Chemists create more efficient palladium fuel cell catalysts
Even small devices need power, and much of that juice comes from fuel cells. As these devices become even smaller, the rush is on to find more efficient ways to power them.
In the last several years, scientists have discovered that palladium, a metal, is a strong candidate for providing that initial boost that helps fuel cells go. Palladium is far cheaper than another popular fuel cell catalyst, platinum, and it's more abundant.
But researchers have wrestled with creating palladium nanoparticles with enough active surface area to make catalysis efficient in fuel cells while preventing particles from clumping together during the chemical processes that convert a fuel source to electricity. Two Brown University chemists have found a way to overcome those challenges.
The scientists report in the online edition of the Journal of the American Chemical Society that they have produced palladium nanoparticles with about 40 percent greater surface area than commercially available palladium particles. The Brown catalysts also remain intact four times longer than what's currently available.
"This approach is very novel. It works," said Vismadeb Mazumder, a graduate student who joined chemistry professor Shouheng Sun on the paper. "It's two times as active, meaning you need half the energy to catalyze. And it's four times as stable."
Mazumder and Sun created palladium nanoparticles 4.5 nanometers in size. They attached the nanoparticles to a carbon platform at the anode end of a direct formic acid fuel cell. The researchers then did something new: They used weak binding amino ligands to keep the palladium nanoparticles separate and at the same size as they're attached to the carbon platform. By keeping the particles separate and uniform in size, they increased the available surface area on the platform and raised the efficiency of the fuel cell reaction.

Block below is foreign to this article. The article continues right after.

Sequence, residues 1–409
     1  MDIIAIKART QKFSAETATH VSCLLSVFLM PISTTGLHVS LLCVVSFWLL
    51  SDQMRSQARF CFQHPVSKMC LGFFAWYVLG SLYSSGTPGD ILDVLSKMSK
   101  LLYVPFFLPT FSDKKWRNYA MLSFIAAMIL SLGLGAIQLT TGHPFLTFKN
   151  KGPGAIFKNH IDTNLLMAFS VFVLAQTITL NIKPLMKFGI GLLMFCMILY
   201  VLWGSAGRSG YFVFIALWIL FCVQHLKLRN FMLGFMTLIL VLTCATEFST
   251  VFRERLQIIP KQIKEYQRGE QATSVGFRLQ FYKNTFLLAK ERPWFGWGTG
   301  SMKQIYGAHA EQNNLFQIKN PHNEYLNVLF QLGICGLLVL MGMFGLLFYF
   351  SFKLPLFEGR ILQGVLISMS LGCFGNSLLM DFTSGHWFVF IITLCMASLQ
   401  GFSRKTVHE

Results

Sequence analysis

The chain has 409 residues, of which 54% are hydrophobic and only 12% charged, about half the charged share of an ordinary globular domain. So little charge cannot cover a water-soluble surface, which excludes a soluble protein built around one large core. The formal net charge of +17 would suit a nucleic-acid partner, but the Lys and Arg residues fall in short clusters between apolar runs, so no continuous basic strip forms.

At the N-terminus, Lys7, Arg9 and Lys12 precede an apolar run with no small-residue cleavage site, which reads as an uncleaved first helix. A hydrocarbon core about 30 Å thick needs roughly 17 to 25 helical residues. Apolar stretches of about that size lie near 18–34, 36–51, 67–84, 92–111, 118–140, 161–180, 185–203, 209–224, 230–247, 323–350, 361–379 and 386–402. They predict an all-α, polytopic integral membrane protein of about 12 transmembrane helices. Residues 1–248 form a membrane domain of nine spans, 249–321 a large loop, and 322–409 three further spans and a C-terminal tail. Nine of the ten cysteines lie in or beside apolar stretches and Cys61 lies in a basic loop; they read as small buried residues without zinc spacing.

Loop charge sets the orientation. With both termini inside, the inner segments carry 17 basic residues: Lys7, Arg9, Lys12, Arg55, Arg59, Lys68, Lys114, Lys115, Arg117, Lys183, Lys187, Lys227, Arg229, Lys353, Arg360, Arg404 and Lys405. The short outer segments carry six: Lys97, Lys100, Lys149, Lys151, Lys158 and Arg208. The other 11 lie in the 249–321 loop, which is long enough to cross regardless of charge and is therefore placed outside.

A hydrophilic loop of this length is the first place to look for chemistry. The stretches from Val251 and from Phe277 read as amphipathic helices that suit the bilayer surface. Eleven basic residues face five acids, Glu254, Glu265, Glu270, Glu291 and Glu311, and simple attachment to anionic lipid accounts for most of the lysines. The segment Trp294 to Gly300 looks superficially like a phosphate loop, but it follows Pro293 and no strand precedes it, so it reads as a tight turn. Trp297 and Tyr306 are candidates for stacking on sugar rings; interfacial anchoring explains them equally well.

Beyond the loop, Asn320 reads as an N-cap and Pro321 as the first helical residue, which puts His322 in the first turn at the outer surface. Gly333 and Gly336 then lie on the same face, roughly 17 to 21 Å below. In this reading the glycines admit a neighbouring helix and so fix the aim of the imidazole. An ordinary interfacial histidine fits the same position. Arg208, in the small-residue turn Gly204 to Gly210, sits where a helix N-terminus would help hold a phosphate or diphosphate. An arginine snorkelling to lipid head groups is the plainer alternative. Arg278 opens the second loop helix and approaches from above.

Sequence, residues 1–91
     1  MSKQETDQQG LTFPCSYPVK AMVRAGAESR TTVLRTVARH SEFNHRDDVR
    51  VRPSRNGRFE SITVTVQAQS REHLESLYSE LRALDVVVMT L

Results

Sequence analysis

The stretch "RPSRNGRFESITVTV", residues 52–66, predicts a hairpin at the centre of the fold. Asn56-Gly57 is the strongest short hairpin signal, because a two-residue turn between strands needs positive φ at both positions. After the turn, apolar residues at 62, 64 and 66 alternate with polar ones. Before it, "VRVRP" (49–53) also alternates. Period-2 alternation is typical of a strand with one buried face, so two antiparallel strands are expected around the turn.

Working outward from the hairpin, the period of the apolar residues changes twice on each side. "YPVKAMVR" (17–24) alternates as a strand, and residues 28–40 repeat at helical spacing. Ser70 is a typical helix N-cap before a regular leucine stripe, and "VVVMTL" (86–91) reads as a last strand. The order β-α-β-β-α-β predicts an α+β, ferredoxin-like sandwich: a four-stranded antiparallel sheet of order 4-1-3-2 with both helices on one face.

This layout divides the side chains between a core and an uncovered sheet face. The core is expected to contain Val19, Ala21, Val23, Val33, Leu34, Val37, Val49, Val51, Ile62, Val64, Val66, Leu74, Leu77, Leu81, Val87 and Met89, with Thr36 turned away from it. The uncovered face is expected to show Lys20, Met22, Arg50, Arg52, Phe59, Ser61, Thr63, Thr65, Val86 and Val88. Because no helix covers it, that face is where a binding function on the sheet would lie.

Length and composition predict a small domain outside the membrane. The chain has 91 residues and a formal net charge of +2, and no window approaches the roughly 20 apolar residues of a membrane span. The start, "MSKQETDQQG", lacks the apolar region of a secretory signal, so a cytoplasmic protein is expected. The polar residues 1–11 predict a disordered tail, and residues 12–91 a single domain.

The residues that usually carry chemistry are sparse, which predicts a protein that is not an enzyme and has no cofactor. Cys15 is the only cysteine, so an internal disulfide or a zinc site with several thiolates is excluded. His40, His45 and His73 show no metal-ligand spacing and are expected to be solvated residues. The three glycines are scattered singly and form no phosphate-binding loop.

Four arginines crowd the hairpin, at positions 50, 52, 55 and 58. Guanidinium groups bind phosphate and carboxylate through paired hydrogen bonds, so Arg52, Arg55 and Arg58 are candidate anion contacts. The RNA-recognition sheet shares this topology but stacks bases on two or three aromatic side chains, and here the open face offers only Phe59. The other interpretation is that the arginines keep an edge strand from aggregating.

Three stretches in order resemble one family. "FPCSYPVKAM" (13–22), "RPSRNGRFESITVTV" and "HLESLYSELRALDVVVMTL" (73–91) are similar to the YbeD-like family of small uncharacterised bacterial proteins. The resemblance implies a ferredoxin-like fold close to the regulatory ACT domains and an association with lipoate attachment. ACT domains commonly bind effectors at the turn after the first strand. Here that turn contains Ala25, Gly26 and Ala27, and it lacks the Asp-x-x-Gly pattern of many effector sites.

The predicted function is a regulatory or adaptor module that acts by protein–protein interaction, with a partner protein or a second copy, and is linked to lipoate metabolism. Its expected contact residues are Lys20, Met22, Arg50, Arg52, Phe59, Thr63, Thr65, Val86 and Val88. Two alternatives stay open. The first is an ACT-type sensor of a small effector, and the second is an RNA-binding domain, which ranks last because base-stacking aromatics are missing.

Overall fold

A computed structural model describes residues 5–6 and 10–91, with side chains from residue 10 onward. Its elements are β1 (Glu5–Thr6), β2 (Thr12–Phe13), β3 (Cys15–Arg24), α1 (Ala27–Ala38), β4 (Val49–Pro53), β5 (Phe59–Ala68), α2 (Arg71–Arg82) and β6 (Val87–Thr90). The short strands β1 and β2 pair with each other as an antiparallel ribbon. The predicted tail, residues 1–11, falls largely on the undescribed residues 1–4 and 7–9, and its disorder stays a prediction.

"It just works better," Sun said.
What's also special about the ligands is that they can be "washed" from the carbon platform without jeopardizing the integrity of the separated palladium nanoparticles. This is an important step, Mazumder emphasized, because previous attempts to remove binding ingredients have caused the particles to lose their rigid sizes and clump together, which gums up the reaction.
The Brown team said in experiments lasting 12 hours, their catalysts lost 16 percent of its surface area, compared to a 64-percent loss in surface area in commercial catalysts.
"We managed to ebb the decay of our catalyst by our approach," said Mazumder, who is in his second year in Sun's lab. "We made high-quality palladium nanoparticles, put them efficiently on a support, then removed them from the stabilizers efficiently without distorting catalyst quality."
The Brown scientists now are looking at various palladium-based catalysts with enhanced activity and stability for future fuel cell applications.
"We want to make it cheaper with analogous activity," Mazumder said.